Except when it’s time to make space for a turkey or other feasting favorites, the refrigerator is rarely top of mind.
Appliances, like the fridge, however, use about nine percent of the energy we consume in our homes, noted Edith Garcia, a TEP Project Manager who specializes in residential energy efficiency.
“Since a refrigerator works around the clock without a break, regular maintenance along with a few tips can reduce its energy usage,” she said. “It can also reduce repairs and extend the life of the appliance.”
Here are 7 ways to ensure your refrigerator is ready for seasonal goodies:
- Clean your coils. Dusty condenser coils need to work harder to remove warmth from the unit. At least twice a year, vacuum them with a soft tool brush or crevice tool, or use a brush or duster.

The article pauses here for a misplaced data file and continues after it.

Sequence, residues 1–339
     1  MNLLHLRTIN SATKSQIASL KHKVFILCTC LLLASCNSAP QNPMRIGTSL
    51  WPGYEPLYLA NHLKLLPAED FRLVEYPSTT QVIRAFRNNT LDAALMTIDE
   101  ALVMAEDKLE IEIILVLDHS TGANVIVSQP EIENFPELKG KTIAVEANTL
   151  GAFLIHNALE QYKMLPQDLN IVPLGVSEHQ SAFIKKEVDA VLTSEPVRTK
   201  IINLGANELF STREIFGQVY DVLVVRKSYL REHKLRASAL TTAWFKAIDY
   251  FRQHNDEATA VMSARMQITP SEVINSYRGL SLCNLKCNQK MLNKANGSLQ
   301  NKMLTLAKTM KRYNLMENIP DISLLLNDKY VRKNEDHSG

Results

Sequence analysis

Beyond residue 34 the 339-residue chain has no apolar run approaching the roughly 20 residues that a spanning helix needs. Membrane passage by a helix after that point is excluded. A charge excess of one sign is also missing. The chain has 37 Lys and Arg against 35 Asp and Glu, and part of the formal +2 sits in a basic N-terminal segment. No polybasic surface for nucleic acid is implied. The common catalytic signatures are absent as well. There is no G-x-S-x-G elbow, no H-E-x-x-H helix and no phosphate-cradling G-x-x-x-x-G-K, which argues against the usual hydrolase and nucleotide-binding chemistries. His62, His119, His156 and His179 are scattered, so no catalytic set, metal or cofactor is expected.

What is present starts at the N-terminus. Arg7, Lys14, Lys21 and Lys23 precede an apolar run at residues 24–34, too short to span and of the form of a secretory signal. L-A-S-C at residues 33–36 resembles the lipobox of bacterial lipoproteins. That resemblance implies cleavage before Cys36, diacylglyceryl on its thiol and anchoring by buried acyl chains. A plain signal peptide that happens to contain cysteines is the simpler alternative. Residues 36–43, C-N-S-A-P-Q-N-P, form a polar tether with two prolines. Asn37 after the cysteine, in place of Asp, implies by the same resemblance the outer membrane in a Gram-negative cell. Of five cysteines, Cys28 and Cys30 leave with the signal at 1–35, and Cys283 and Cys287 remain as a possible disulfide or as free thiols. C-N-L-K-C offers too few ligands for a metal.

- Set the correct temperature. The U.S. Department of Energy recommends operating around 38 degrees for optimal efficiency and safety; 0 degrees for the freezer.
- Declutter. A well-organized fridge means you don’t have to keep the door open as long. Place your most-used items toward the front of the shelves to grab them readily. Otherwise, your fridge will have to do double duty to get back to its optimal temperature.
- Cool and wrap leftovers. Putting hot food in the fridge or letting moisture escape makes the compressor work harder.
- Seal it. The gasket seal around the fridge door keeps warm air out and cool air in but it can get loose or brittle with age. To check the seal, close the door on a piece of paper or dollar bill. If it can easily be pulled out without tension, it’s time to replace the seal to improve efficiency.
Consider an ENERGY STAR® certified appliance. A refrigerator that’s more than 15 years old costs about $125 annually to run. A top-mounted freezer with an ENERGY STAR® rating uses less energy than a 60-watt light bulb, saving you about $60 a year.